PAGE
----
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Re: Country Blues Musicianship taught by John Miller
« Reply #3 on: November 23, 2015, 08:57:42 AM »
Hi Harry,
I can't remember what tune I played in the opening credits.  It may have been Shirley Griffith's version of "Saturday Blues".  Whatever it was, there is no TAB for it, but since you can see me playing it you don't need TAB, right?
All best,
Johnm

Offline harry

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Re: Country Blues Musicianship taught by John Miller
« Reply #4 on: November 24, 2015, 03:31:03 AM »
Thanks John. Yes it's "Saturday Blues". I wasn't sure but I thought I recognized the melody from that Larry Johnson/John Hammond Jr. album. Re-recorded as "Saturday Evening Blues".



I didn't know it was an Ishmon Bracey song (which is a shame). Found out that H.C. Speir changed the title to "Saturday Blues" from Bracey's "Shaggy Hound" (Ted Gioia - Delta Blues).
Saw an outstanding version on YouTube by Prof. Scratchy.

I know I don't really need the tab but I found one on the excellent country blues resource, 52 weeks of blues.
http://www.52weeksofblues.com/?song=saturday-blues



« Last Edit: November 24, 2015, 03:38:53 AM by harry »

Offline Johnm

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Re: Country Blues Musicianship taught by John Miller
« Reply #5 on: November 24, 2015, 09:40:26 AM »
Hi Harry,
Yes, the Internet is great source for free instruction--as long as your only concern is that it is free.
All best,
Johnm
« Last Edit: November 24, 2015, 09:41:40 AM by Johnm »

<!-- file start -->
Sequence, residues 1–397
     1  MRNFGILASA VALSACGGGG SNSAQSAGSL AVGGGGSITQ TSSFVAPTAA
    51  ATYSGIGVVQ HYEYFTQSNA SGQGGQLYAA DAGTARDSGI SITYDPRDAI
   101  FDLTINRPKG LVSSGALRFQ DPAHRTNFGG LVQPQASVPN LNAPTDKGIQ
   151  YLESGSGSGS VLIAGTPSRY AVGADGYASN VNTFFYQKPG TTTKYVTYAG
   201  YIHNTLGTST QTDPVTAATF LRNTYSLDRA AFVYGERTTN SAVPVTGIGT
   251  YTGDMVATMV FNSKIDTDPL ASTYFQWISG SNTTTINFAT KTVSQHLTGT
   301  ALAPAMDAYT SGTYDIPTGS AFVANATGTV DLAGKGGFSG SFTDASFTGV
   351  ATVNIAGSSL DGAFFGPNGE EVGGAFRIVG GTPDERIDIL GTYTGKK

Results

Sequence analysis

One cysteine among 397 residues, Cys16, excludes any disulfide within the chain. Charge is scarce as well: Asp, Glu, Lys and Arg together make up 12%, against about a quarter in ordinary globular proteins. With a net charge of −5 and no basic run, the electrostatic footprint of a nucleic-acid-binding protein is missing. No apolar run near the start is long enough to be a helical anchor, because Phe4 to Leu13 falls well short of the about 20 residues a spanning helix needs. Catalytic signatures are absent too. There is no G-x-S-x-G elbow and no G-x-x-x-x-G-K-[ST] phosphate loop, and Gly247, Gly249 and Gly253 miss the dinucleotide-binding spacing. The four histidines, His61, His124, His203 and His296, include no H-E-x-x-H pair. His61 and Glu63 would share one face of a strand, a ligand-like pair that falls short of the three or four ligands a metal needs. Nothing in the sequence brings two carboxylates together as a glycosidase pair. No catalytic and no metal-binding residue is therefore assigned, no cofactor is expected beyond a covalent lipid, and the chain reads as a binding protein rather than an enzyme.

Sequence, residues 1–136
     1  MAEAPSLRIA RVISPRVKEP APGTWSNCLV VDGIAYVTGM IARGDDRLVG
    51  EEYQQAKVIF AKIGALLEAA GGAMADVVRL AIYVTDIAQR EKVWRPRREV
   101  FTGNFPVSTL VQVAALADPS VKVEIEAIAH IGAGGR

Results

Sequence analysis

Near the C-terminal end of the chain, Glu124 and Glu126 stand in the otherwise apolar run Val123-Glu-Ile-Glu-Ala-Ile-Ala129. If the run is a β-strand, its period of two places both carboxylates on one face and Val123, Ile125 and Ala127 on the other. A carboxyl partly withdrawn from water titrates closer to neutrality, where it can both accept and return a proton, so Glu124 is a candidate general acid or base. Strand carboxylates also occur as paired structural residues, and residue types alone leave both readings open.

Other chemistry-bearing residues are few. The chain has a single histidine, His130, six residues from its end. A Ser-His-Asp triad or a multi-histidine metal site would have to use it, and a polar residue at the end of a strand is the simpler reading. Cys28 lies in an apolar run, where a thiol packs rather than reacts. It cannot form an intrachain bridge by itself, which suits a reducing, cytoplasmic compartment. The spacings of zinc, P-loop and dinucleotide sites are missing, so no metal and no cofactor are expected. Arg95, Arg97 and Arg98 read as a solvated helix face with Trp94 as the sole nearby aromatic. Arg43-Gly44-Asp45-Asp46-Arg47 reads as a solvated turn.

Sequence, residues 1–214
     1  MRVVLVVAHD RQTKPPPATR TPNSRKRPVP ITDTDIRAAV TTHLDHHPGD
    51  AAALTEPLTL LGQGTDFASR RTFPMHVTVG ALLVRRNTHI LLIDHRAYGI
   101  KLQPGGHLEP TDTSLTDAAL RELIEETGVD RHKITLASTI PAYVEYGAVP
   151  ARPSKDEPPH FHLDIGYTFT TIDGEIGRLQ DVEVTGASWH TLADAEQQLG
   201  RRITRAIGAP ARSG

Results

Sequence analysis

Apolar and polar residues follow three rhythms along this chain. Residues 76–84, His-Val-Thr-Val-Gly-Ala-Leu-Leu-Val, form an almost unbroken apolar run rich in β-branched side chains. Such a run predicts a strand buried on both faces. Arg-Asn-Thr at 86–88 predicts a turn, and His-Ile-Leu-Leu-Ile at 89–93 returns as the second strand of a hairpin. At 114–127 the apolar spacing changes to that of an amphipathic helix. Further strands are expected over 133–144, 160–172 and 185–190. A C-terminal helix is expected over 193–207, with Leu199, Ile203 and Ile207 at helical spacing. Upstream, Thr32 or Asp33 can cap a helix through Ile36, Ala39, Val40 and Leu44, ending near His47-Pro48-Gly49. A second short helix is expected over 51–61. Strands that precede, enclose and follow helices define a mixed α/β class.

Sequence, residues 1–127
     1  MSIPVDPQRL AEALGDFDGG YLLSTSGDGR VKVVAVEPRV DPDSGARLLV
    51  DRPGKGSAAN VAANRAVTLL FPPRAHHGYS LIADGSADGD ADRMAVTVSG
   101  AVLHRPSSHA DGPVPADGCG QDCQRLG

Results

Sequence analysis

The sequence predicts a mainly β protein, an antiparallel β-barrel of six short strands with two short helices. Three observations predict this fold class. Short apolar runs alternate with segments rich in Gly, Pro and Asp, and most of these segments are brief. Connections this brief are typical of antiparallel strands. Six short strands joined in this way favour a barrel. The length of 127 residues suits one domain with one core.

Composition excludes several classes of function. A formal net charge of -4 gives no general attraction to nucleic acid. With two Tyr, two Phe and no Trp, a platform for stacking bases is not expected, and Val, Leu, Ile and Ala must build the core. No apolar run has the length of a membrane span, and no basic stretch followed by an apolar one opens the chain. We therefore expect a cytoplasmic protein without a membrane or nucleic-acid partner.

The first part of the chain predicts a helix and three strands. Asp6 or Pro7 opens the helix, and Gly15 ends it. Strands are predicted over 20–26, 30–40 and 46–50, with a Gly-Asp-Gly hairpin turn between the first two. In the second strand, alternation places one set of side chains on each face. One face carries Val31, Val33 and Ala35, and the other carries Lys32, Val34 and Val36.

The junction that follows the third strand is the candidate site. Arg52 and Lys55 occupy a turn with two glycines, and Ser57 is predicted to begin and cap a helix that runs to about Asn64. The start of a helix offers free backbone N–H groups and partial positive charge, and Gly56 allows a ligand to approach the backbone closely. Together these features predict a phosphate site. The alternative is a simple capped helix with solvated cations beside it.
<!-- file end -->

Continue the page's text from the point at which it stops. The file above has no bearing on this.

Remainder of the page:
Offline frankie

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Re: Country Blues Musicianship taught by John Miller
« Reply #6 on: November 24, 2015, 10:17:55 AM »
oboy.

that site is certainly free! yup.

Offline Zoharbareket

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Re: Country Blues Musicianship taught by John Miller
« Reply #7 on: November 26, 2015, 02:47:16 AM »
cool site that 52 weeks!

anyone know who is behind it?

the country blues musicianship DVD is great, I learned a lot from it!

Offline ArthurBlake

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  • I laid him out cold, with his heels in a tub.
Re: Country Blues Musicianship taught by John Miller
« Reply #8 on: June 15, 2016, 01:35:21 AM »
I can vouch that it is a good video but I was left wanting more, a bit more advanced stuff but as I also teach it is very handy as a source, as usual John takes his time and explains it all nicely. I did however have a full grasp of what is there and I think I might end up giving this to my student who deserves it as he never stops practicing, in just 8 weeks he has gone from not being able to fingerpick at all to having good control over the alternating bass and a few songs from Mississippi John Hurt and Frank Stokes. This video lesson would be of great benefit to him I think. I have always been a huge fan of SGGW lesson videos, some I bought not ever thinking I ever had a hope of learning even one song from, I just bought them just to see guys like John and Ari Eisnger plaing and teaching songs I never thought anyone could ever hope to play..... to buying videos I knew I was ready for. Having said that I have learned to play most songs from ever the highest level stuff.... took time but I would pick up parts and eventually learned to play them fluently.... then over time as I takled other tunes I went did the worst thing... forgotten how most of the tunes went... but I can always go back and pick them up. Anyway without turning this into an epic I want to say that to those of you with just a beginner to a mid intermediate level this video is an absolute beuaty as a textbook and country blues guitar music has never been explained better.
I met a woman she was a pigmeat some
Big fat mouth, I followed her home
She pulled a gun and broke my jaw
Didnt leave me hard on, I didnt get sore